neutral . Rather, wildfire is an important means through which... gender roles and power relations are maintained despite changing social

neutral. Rather, wildfire is an important means through which traditional
gender roles and power relations are maintained despite changing social
circumstances. Women’s and men’s subjectivities are shaped by varying
senses of inclusion, exclusion, engagement and disengagement with
wildfire management. This leads to the reproduction of gender identities
with clear ramifications for if, how and to what extent, women and men
prepare for wildfire at the wildland-urban interface
Dr. Christine Eriksen is a social geographer with the Australian Centre
for Cultural Environmental Research at the University of Wollongong,
Australia and a fellow of the Royal Geographical Society. Her research
focuses on a) the role and place of local environmental knowledge in
building resilience to natural hazards, and b) gendered dimensions of
wildfire risk engagement and risk resilience. Christine has undertaken
fieldwork in Australia, USA, southern parts of Africa, Britain and India.
She has worked with organisations such as the NSW Rural Fire Service;
California State University, Chico; Bushfire Cooperative Research Centre;
Royal Geographical Society; and the Sindisa Foundation.
SPECIAL SESSION (includes abstracts 34-38)
Joint Fire Science Program Regional Knowledge Exchange
Session Moderator: Janean Creighton
34. Introductions and Overview
John Cissel
35. Wildland Fire Science and Management in the U.S.:
Spanning the Boundaries Through the Regional Knowledge
Exchange Network
Susie Kocher, University of California Cooperative Extension
Eric Toman, The Ohio State University
Sarah Trainor, University of Alaska, Fairbanks
Vita Wright, USDA Forest Service
In 2009, the federal Joint Fire Science Program (JFSP) initiated a national
network of regional fire science consortia to accelerate awareness,
understanding and use of wildland fire science. This presentation
synthesizes findings from initial needs assessments conducted by consortia
in eight regions of the United States. The assessments evaluated how fire
science is accessed and used in each region, barriers to its use, types of
information needed and potential roles for the new consortia through inperson interviews, focus groups and on-line surveys of federal, state, and
local fire science users and producers. Despite differences in assessment
methods, ecosystems, geography and demography, striking similarities
were found.
Needs assessments identified a need for boundary spanning across
fire science and management. Key features of successful boundary
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organizations are information salience, credibility and legitimacy. The
information generated must be scientifically credible and carry a degree
of legitimacy within the social worlds of both scientists and managers. The
success of boundary organizations hinges on understanding the decision
context and stakeholder perspective, developing strong stakeholder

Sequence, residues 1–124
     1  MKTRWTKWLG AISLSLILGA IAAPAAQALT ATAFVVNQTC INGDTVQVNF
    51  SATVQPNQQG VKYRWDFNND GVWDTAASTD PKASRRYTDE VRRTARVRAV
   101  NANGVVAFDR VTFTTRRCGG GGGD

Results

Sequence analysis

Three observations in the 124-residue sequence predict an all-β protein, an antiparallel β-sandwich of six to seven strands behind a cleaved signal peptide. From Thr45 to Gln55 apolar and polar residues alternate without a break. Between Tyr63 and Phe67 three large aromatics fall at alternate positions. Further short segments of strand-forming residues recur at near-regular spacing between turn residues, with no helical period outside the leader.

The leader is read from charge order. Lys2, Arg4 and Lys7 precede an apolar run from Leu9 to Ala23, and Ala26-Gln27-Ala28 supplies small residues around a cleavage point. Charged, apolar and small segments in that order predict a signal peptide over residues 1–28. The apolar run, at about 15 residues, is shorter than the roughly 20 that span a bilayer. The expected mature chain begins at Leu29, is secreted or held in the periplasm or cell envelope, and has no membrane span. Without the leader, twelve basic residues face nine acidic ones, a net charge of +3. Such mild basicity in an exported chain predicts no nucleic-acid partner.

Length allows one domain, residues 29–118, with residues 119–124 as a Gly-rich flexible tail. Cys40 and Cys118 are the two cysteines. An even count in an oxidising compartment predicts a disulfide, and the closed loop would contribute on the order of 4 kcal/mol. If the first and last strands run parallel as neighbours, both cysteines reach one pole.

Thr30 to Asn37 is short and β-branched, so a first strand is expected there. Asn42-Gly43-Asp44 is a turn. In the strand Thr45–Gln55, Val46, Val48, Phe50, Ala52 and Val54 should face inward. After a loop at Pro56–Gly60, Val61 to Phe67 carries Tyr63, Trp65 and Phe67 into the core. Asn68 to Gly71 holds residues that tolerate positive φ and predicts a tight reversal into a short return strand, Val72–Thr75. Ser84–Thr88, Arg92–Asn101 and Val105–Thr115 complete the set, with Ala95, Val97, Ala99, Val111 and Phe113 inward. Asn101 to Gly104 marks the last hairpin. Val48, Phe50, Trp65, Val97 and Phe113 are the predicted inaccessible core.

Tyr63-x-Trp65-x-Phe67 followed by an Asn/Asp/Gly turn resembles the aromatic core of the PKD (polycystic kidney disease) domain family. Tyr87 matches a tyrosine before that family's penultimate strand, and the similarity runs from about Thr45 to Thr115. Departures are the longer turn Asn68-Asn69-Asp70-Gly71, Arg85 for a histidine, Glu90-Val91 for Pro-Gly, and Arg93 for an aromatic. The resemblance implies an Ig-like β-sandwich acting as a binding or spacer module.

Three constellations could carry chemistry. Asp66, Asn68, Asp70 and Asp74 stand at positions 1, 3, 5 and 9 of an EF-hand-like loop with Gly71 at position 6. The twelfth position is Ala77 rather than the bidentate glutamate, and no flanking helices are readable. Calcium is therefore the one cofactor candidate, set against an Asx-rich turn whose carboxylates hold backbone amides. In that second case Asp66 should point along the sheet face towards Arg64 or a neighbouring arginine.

relationships and providing information that is accurate, credible and
presented at relevant spatial and temporal scales.
Findings showed that though use of and regard for Internet-based fire
science information is universally high, in-person knowledge exchange
is preferred. Obstacles to fire science application include lack of
time, resources and access to the most relevant information as well
as communication barriers between scientists and managers. Priority
science topics identified across regions include fire effects, fuels and
modeling, and best practices for prescribed burns. This synthesis found
a clear need for better integration of fire science and management
and suggests that consortia focus on a) organizing and consolidating
the many sources of fire science through easily accessible websites
and b) strengthening relationships between scientists and managers
to facilitate production, communication and adoption of science
that is relevant to managers’ concerns. The success of the new JFSP
Knowledge Exchange Network at spanning the boundary between the
scientific and land management worlds depends on engaging scientists
and managers in these multiple ways.
Susie Kocher is a natural resources advisor and registered professional
forester for the University of California Cooperative Extension in the Central
Sierra Nevada. She coordinated needs assessment work for the California
Fire Science Consortium, is active with the Sierra Nevada and WUI module
and is the CFSC evaluator. She also collaborates with the University of
Nevada Cooperative Extension to organize Wildfire Awareness Week and
an annual wildfire summit in the Lake Tahoe basin. She is doing applied
research on the effects of different reforestation strategies taken after the
2007 Angora Fire in South Lake Tahoe.
36. Marketing Fire Science in the 21st Century: A
Comprehensive Multimedia Marketing Strategy to
Effectively Disseminate Fire Science Information
John Diaz, North Carolina State University
Effectively disseminating fire science means thinking more strategically
about how to market to key audiences. Effective marketing hinges on
facilitating availability of information through network linkages of online
resources in addition to traditional marketing efforts. This presentation
will focus on detailing a comprehensive marketing strategy that utilizes
an abundance of online resources, while also leveraging traditional
mechanisms, to effectively disseminate fire science information. The context
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